Wednesday, May 3rd, 2017...1:04 pm

Sweet Land: Minnesota on the stage

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Musical at Great American History Theatre evokes Fiddler on the Roof

By DORIS RUBENSTEIN

Throughout the history of the Jewish diaspora, our people know what it is to be “the other.” Right now in our country and in many parts of Europe, “the other” is also considered to be the “enemy.”

Ann Michels and Michael Gruber in Sweet Land, the Musical. (Photo: Rick Spaulding)

It is most fitting, then, that St. Paul’s Great American History Theatre is presenting a new musical play, Sweet Land, The Musical (playing through May 28) that addresses both of these issues, but in a context that is very Minnesotan.

This play is based on Ali Selim’s 2005 film of the same name, which was adapted from Minnesota writer Will Weaver’s short story “A Gravestone Made of Wheat.” Its story is one that most Minnesotans — Jewish and non-Jewish — know in one form or another.

For playwright/director Perrin Post, it evoked stories told her by her Finnish grandparents, and inspired her to reach out to Selim and Weaver. She eventually received their permission and blessing to adapt Sweet Land into a musical stage-play.

Post’s script was eventually expanded by another local playwright, Laurie Flanigan Hegge, who artfully and soulfully wrote the show’s lyrics. The play takes on a Jewish flavor when Hegge’s lyrics are laid on top of the melodic compositions of Dina Maccabee and the arrangements of Robert Elhai.

Maccabee (no relation to the local family of that surname) is a native of the San Francisco area and received her musical training at the University of Michigan Music School and Wesleyan University.

Maccabee’s Jewish credentials are just as impressive as her academic ones: She was Bat Mitzva at Bnai Shalom in Walnut Creek and worked at Berkeley’s Lehrhaus Judaica, Camp Ramah in Ojai, and the Brandeis Bar-Din Institute in Simi Valley.

Her professional/musical activities connected her to Mark Orton who had composed the music for the Sweet Land movie. He recommended Maccabee to Perrin to put Hegge’s lyrics into tune.

Maccabee says, “I wanted to stay true to the aesthetic of the film and its pastoral quality, and its time and place. I listened to lots of Norwegian folk music that the characters might have brought with them!” She adds, “For me, I used to play a lot of klezmer music and I think that music has a kind of theatricality that has become part of my musical vocabulary. I’d play the music for life-cycle events and that’s what happening in this play.”

Robert Elhai, who arranged the songs and dances for the sizeable instrumental ensemble, has a fabled curriculum vita, including a Tony Award nomination for the stage version of The Lion King. Among his earliest work, however, is a concert piece for guitar and violin, written for cousin’s wedding, based on “Erev shel Shoshanim.” This is not a surprise, since the Elhai family has strong Sephardic roots in Greece, including several rabbis. After a peripatetic childhood and youth, he’s called Minneapolis home for over twenty years and can be found at Temple Israel from time to time.

The Twin Cities theater world is small, and Elhai heard about the project from Hegge. He went to a presentation and talked to her about expanding Dina’s music. “I tried to be modest, but I knew I was perfect for this play!” he explains. “Dina brought a feeling and understanding to the show that has a darkness hanging over it like the pogrom in Fiddler. My skills were perfectly adapted to expand the core song and make it into an orchestrated arrangement.”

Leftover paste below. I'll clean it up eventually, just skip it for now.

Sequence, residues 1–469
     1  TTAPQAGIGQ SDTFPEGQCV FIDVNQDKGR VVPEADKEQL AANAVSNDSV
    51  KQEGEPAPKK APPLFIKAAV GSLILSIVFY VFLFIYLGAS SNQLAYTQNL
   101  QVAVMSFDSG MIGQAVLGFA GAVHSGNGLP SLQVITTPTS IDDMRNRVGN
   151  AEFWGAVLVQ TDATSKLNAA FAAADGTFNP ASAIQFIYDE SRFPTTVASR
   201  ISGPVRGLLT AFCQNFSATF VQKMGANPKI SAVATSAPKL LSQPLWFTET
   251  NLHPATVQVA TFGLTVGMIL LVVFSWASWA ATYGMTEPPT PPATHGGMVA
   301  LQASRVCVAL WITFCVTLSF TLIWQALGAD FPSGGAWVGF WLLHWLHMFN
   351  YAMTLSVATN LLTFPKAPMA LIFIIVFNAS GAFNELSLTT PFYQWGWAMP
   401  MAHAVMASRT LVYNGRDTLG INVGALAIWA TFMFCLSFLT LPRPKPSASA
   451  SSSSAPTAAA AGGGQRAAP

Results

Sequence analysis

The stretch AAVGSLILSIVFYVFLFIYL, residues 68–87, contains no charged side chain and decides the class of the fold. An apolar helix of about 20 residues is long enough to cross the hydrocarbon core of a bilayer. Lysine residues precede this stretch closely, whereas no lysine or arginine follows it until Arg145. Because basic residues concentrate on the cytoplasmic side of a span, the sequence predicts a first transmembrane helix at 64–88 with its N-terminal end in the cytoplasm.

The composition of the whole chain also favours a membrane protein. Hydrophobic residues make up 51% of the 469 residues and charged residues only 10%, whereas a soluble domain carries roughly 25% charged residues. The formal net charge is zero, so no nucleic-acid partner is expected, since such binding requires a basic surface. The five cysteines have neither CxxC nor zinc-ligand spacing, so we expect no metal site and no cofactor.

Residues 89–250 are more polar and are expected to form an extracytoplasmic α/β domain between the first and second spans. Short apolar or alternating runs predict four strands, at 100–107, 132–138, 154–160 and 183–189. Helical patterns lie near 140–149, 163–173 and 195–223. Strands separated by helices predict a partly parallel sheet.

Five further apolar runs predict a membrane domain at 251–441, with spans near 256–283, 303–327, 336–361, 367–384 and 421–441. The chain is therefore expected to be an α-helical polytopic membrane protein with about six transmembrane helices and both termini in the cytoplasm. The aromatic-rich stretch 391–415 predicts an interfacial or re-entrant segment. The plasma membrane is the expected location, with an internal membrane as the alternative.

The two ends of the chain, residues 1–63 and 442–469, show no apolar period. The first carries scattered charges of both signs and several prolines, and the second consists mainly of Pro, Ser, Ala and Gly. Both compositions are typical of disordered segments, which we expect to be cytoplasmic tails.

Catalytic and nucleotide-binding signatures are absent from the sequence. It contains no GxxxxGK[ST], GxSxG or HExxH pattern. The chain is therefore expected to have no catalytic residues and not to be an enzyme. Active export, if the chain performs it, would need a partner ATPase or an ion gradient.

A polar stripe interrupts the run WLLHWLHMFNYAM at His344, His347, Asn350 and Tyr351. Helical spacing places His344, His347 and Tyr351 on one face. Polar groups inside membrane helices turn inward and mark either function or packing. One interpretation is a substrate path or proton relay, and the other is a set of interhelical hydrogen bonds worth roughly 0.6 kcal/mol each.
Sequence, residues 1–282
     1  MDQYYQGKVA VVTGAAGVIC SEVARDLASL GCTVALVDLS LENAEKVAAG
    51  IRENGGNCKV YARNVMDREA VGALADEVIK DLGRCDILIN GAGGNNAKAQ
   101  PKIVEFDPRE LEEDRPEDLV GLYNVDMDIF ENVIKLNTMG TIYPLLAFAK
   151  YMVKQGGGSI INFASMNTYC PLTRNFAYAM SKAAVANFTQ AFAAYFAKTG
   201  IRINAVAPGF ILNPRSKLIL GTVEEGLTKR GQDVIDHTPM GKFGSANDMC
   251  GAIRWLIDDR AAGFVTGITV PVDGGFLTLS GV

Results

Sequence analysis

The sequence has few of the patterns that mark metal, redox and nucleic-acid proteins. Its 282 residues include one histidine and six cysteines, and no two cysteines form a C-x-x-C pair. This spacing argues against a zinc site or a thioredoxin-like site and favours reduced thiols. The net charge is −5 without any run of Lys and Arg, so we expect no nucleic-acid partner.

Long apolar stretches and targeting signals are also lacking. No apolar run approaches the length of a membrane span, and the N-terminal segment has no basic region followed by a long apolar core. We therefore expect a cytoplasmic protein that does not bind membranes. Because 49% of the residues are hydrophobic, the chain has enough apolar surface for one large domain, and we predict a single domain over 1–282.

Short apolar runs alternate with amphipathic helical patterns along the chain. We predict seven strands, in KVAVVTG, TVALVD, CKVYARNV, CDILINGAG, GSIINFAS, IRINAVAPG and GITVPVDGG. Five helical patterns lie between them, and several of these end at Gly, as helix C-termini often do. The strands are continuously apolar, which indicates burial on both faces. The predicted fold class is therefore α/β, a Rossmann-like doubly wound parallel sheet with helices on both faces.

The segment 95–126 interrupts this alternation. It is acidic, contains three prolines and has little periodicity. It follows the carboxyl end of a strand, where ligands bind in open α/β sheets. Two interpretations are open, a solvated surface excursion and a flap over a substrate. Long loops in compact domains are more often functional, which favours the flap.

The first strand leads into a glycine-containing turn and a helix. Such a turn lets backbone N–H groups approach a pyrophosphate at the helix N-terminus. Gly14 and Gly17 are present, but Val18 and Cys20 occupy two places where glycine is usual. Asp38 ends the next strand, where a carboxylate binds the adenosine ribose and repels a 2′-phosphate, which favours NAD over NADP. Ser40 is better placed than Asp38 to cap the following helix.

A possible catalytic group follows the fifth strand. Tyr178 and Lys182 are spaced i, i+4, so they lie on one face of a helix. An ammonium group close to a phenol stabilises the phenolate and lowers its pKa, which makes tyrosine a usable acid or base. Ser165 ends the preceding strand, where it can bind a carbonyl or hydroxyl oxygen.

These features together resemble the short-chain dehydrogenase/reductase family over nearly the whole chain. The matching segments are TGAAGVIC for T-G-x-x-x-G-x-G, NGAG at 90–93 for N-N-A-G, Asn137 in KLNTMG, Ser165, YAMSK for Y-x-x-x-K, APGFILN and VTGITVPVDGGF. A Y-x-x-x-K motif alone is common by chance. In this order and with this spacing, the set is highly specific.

This is a wonderful story, and the music takes it to a higher level of entertainment art. Hegge, Maccabee, and Elhai employ numerous genres including folk music, ragtime, waltz, and even modern dance music to move the story together in both time and the characters’ development.

The comparison to Fiddler is apt in more than the music. The play’s setting in Park Rapids, Minn., in 1920 and its premise — acceptance or rejection of the stranger — will strike a chord with many Twin Cities residents whose shopkeeper grandparents were the lone Jews in towns like Detroit Lakes, Brainerd, East Grand Forks, and other small county seats along the path of the Great Northern Railroad. Those who homesteaded on the surrounding farms — often, like Olaf Torvik (Robert Berdahl), immigrants or children of immigrants themselves – feel protective of their “place.” They live in what is essentially a shtetl. Their Lutheran Pastor (Michael Gruber) is their rebbe and what he says, goes!

Into this environment is inserted a stranger to this close-culture: Inge Altenberg (Ann Michels), a girl from Germany sent to Olaf by his parents to be his bride. The pastor, whose son died at the hands of the German enemy in WWI cannot see beyond this fact and places numerous obstacles before the potentially happy couple before allowing the marriage to take place. In Anatevka, it’s a case of Tevye accepting his daughter and her Russian husband.

Sweet Land, The Musical, covers other Minnesotan issues of that time such as organizing farmers into cooperatives that eventually laid the basis for the Farmer-Labor Party. That Post could successfully condense all of this — not to mention dances by Joe Chvala – into less than two hours is remarkable and worthy of praise – and perhaps a Tony Award in the future? This will be a hot ticket about people in a cold climate. Let’s hope they extend the run so that you can say you were there when it all started!

(American Jewish World, 5.5.17)

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